Let $\lambda$ be the Lebesgue measure on $[a, b]$. We endow $[a, b]$ with the Lebesgue $\sigma$-algebra $\mathcal L([a, b])$. Then $([a, b], \mathcal L([a, b]), \lambda)$ is a complete measure space. I would like to see how Lebesgue integration fits in the framework of Bochner integration by proving below result, i.e.,

Theorem Let $f:[a, b] \rightarrow \mathbb{R}$ be $\lambda$-integrable such that $$ \int_a^x f(t) \mathrm d t=0 \quad \text {for all } x \in[a, b]. $$ Then $f=0$ $\lambda$-a.e. on $[a, b]$.

Could you have a check on my attempt?

Proof It suffices to prove that $$ \int_A f(t) \mathrm d t = 0 \quad \forall A \in \mathcal L([a, b]). $$

We have $\mathcal L([a, b])$ is the completion of the Borel $\sigma$-algebra $\mathcal B([a, b])$ of $[a, b]$ with respect to $\lambda$. So it suffices to prove that $$ \int_A f(t) \mathrm d t = 0 \quad \forall A \in \mathcal B([a, b]). $$

Let $\tau$ be the metric topology of $[a, b]$. Every set in $\tau$ is a countable union of disjoint open intervals. Hence $$ \int_O f(t) \mathrm d t = 0 \quad \forall O \in \tau. $$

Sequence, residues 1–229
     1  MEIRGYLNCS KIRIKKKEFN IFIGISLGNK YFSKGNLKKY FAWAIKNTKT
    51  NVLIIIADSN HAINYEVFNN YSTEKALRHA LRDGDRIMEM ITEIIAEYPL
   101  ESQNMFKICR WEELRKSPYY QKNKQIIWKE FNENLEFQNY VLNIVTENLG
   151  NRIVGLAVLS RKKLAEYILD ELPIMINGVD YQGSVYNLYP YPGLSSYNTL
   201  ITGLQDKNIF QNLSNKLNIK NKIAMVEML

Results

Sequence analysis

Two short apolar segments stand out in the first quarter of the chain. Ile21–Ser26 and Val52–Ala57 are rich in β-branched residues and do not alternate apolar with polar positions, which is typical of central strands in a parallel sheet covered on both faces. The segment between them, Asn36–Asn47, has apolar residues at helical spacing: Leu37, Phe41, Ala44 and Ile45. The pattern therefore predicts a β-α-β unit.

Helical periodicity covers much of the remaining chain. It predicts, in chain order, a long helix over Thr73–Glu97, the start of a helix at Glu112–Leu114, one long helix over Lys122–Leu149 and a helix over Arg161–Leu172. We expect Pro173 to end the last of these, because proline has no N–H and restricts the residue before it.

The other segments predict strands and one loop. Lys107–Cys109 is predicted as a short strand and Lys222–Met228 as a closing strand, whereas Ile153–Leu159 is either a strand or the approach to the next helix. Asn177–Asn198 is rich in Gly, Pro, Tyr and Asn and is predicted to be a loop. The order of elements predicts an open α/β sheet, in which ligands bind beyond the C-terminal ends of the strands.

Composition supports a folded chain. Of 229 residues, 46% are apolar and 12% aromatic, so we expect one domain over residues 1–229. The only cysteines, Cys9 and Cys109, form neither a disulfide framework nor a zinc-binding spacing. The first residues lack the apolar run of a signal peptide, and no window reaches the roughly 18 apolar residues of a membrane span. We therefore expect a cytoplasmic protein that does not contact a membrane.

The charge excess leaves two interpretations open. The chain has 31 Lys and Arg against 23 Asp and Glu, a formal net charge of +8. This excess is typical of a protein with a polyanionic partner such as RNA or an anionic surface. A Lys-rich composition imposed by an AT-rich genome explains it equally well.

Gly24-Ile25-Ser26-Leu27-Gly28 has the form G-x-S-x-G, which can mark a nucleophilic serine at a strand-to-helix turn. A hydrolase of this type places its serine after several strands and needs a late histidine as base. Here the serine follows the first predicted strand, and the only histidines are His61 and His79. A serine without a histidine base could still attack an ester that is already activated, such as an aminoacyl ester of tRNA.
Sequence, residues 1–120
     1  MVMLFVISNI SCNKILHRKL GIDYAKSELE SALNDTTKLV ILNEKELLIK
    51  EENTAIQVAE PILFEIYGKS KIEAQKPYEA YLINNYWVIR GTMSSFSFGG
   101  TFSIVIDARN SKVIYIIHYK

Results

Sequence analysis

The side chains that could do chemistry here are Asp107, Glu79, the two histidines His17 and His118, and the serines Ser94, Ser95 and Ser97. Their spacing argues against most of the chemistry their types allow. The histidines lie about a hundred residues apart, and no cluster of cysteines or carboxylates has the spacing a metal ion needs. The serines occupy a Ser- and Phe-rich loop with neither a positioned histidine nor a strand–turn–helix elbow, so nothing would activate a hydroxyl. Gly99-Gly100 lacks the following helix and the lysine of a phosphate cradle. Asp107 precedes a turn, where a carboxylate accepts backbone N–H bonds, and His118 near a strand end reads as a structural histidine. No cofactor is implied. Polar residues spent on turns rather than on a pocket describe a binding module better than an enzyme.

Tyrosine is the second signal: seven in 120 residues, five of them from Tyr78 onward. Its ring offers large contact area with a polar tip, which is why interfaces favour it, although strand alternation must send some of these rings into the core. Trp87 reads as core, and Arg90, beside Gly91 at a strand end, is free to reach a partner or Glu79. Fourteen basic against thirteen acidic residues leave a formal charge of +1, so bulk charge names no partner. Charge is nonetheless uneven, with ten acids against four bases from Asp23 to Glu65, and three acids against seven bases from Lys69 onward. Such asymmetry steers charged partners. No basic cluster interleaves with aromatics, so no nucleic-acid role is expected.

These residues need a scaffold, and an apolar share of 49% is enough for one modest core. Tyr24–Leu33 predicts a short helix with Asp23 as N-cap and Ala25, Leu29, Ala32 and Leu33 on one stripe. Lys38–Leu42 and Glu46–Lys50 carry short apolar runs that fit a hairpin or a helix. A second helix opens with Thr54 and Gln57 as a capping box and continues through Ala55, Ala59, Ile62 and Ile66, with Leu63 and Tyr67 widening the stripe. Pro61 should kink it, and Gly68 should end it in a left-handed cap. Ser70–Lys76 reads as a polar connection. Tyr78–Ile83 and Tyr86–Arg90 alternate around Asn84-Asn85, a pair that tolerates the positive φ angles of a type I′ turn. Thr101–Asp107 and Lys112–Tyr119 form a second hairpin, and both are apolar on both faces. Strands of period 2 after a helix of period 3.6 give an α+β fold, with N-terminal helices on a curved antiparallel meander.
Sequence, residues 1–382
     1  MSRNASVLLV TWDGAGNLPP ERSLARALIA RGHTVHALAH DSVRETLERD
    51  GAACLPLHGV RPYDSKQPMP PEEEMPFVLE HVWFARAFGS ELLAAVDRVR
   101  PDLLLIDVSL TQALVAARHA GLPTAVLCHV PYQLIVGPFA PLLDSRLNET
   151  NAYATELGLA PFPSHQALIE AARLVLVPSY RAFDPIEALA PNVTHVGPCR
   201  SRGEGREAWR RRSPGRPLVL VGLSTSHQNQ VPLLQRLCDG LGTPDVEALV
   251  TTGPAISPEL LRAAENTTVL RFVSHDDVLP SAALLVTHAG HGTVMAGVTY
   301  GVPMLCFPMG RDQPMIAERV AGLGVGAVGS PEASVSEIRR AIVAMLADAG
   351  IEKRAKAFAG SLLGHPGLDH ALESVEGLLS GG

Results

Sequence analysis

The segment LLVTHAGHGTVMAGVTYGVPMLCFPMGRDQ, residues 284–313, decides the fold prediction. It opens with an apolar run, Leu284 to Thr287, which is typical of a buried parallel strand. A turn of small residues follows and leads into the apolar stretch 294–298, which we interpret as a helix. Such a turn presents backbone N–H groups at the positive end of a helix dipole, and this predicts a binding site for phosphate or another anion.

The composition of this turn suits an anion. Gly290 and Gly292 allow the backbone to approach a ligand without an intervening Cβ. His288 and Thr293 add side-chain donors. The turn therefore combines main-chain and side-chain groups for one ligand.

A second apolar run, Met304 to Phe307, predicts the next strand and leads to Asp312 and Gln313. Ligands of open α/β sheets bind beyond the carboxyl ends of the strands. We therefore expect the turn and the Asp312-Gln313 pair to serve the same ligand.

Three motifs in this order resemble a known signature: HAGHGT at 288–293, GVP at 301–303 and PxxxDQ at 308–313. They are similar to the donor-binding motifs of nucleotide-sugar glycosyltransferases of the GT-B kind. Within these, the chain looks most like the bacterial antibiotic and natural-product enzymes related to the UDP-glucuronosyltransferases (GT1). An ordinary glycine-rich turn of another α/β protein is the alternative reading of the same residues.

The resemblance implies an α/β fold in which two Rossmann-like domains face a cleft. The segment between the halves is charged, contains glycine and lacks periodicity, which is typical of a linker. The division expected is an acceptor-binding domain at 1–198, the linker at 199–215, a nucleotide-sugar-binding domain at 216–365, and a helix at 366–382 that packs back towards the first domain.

Fix $A \in \mathcal B([a, b])$. Because $\lambda$ is outer regular, there is a sequence $(O_n) \subset \tau$ such that $A \subset O_{n+1}\subset O_n$ and that $\lim_n \lambda(O_n) = \lambda(A)$. By dominated convergence theorem, $$ \int_{A} f(t) \mathrm d t = \lim_n \int_{O_n} f(t) \mathrm d t = 0. $$

This completes the proof.

  • 1
    $\begingroup$ looks good to me $\endgroup$
    – Yanko
    Dec 29, 2022 at 14:49
  • $\begingroup$ @Yanko Thank you so much for your verification! $\endgroup$
    – Analyst
    Dec 29, 2022 at 16:43


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